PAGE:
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Army Landfill Remediation: Swannanoa, NC

Piedmont Geologic was retained by the North Carolina Department of Administration to assess and remediate an abandoned World War II era landfill, plus resulting soil and groundwater contamination, at the location of the former U.S. Army Moore General Hospital in Swannanoa, North Carolina, a hospital and medical training facility that operated from 1942 to 1959. The five-acre site was subsequently used as an illegal dumping ground for various local residents, business, and industry through the early 2000s.


Concerns and rumors had swirled through the local community for decades regarding the potential contents of the abandoned landfill and its potential health and physical hazards confronting the local community, including, as was claimed, potential unexploded ordinance and lethal gases. The site was the subject of numerous media stories and was placed in a high priority ranking in the NCDEQ inactive hazardous sites database. Security measures put in place to eliminate unpermitted entry by local residents were routinely breached, including by students at a directly adjacent public high school. Neighborhood tensions were high, and the State needed to act with the best professional response they could muster.

Landfill and Incinerator Remediation Map
The Challenge:

Because no records of the landfill operating practices remained in State records, determination of the landfill contents became an exercise in forensic analysis and detective work. Through compilation of historical news stories and photographs, concerns regarding the potential for unexploded ordinance and lethal gases being present were promptly dismissed. A real concern was instead discovered posed by abundant asbestos-containing materials, in the form of building materials, spread throughout the upper layer of the landfill. As the site was adjacent to a public high school, and was located within the boundaries of a 4H camp (which now is operated by the Black Mountain Home for Children) and educational center, good public relations were paramount to ensuring  that all site work was conducted in a manner deemed trustworthy and safe by the community.

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The Means:

Site assessment and remediation efforts were completed under jurisdiction of the NCDEQ Inactive Hazardous Sites Branch in accordance with the Registered Environmental Consultant (REC) Program, with Piedmont Geologic acting in the role as REC.

 

Determination of the landfill contents, areal distribution, and vertical extent was achieved through a multi-disciplinary approach including geophysical techniques, subsurface gas testing, soil borings, and exploratory excavations. Samples of the landfill contents, plus underlying and surrounding soil, were collected and analyzed to evaluate the Hazardous versus Non-Hazardous characteristics of the landfill materials plus the presence of residual contamination in underlying/surrounding soil. Groundwater monitoring wells were installed within and around the landfill to characterize groundwater quality. Risk assessment was completed to delineate soil requiring remediation.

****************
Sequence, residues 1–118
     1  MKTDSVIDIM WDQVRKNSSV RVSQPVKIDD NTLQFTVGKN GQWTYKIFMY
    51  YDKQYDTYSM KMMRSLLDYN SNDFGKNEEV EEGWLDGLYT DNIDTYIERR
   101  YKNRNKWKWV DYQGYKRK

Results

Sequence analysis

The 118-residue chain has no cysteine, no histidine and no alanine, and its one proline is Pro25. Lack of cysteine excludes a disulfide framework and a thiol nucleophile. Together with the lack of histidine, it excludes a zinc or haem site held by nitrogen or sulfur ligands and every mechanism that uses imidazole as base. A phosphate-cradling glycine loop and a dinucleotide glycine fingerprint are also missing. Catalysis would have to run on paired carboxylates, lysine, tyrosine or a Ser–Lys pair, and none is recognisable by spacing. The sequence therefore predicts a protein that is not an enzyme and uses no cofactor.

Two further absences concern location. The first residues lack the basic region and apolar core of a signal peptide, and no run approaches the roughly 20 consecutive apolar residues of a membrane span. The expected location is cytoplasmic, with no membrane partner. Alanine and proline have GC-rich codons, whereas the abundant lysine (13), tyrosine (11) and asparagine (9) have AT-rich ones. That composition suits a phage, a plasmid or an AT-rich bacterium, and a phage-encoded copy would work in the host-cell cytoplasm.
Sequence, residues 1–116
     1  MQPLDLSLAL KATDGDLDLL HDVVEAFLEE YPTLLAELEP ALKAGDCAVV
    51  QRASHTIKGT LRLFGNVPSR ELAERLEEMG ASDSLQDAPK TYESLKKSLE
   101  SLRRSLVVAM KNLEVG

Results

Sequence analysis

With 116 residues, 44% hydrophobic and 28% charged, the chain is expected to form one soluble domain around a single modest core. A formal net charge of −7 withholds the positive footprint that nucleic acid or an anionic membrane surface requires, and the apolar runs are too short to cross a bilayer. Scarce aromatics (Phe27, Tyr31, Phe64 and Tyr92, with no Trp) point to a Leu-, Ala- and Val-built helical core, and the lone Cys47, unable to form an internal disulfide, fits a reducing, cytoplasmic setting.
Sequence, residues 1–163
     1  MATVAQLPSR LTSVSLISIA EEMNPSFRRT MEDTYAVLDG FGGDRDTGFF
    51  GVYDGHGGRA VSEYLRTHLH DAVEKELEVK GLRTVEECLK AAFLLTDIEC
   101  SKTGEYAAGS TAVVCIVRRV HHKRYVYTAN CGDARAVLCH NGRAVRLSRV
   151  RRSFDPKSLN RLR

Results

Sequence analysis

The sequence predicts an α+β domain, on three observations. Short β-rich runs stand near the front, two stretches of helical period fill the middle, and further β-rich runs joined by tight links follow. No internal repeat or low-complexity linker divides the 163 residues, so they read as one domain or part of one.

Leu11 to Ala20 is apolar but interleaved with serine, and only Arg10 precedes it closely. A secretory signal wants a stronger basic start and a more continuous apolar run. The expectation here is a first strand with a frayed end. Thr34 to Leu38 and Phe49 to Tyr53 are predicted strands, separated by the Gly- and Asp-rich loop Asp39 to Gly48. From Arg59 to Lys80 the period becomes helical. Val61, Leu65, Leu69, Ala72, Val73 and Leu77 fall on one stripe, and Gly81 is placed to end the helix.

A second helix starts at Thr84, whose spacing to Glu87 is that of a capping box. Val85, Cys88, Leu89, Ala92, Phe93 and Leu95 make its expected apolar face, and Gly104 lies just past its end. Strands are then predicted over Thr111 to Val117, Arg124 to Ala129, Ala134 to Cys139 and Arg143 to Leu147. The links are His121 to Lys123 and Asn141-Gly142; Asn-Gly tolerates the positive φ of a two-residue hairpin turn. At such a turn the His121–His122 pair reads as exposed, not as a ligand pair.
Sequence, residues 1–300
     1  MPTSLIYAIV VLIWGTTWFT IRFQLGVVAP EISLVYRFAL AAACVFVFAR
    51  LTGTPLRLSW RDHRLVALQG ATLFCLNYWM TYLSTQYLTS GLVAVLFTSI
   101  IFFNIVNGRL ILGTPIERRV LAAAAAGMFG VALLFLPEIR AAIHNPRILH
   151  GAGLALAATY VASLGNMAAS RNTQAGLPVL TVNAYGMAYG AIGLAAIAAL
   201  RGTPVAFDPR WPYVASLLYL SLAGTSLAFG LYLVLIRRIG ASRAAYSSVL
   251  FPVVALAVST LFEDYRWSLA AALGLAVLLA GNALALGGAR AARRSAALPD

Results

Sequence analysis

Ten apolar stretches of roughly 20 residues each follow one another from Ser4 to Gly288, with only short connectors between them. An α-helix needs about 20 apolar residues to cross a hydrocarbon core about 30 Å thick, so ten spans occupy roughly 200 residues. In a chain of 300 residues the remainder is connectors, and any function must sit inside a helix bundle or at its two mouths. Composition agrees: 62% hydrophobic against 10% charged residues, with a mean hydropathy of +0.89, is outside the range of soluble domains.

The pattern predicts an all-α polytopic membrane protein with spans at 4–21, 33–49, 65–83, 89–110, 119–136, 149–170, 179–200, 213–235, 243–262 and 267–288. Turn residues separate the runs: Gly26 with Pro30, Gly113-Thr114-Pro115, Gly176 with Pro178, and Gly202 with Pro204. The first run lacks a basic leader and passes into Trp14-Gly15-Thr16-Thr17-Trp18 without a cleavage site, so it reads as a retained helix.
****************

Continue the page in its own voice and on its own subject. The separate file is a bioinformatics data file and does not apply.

Using field data and computer modeling, the three-dimensional configuration of the landfill was identified and determined to be the result of the gradual filling of a mountain ravine over the nearly two-decade landfill operating period. Landfill mass was estimated through the various models. The landfill was concluded to contain ash from a former hospital incinerator/crematorium that operated in proximity to the landfill, occupying its lower portions, overlain by hospital wastes, including an abundance of medical-related glassware, which, in turn, was overlain by demolition materials from the decommissioning of hospital facilities in the late 1950s, which resulted in a topographic plateau where the ravine had previously existed.

 

A thorough evaluation of potentially applicable remediation technologies concluded that landfill excavation and removal to an offsite permitted Subtitle D landfill was the most cost-effective and permanent solution for the site, which would result in restoration of the original site landscape. An elaborate stormwater diversion and retention system was designed and constructed to protect local creeks/streams from contaminated stormwater runoff during the remediation effort. An exposure and health monitoring network, including airborne asbestos monitoring, was developed and manned over the course of the project to document that worker and surrounding resident health concerns were protected.

The Result:

A total of nearly 11,000 tons of landfill materials and overlying/surrounding rubbish and debris was removed from the site. The former incinerator/crematorium was razed and disposed. The actual weight of disposed materials removed was within 2% of the estimated weight derived by Piedmont Geologic, which means the project remained within the original State-approved budget. Site regulatory closure was granted by NCDEQ. The site was returned to its original landscape and may eventually be used for livestock grazing by the Black Mountain Home.

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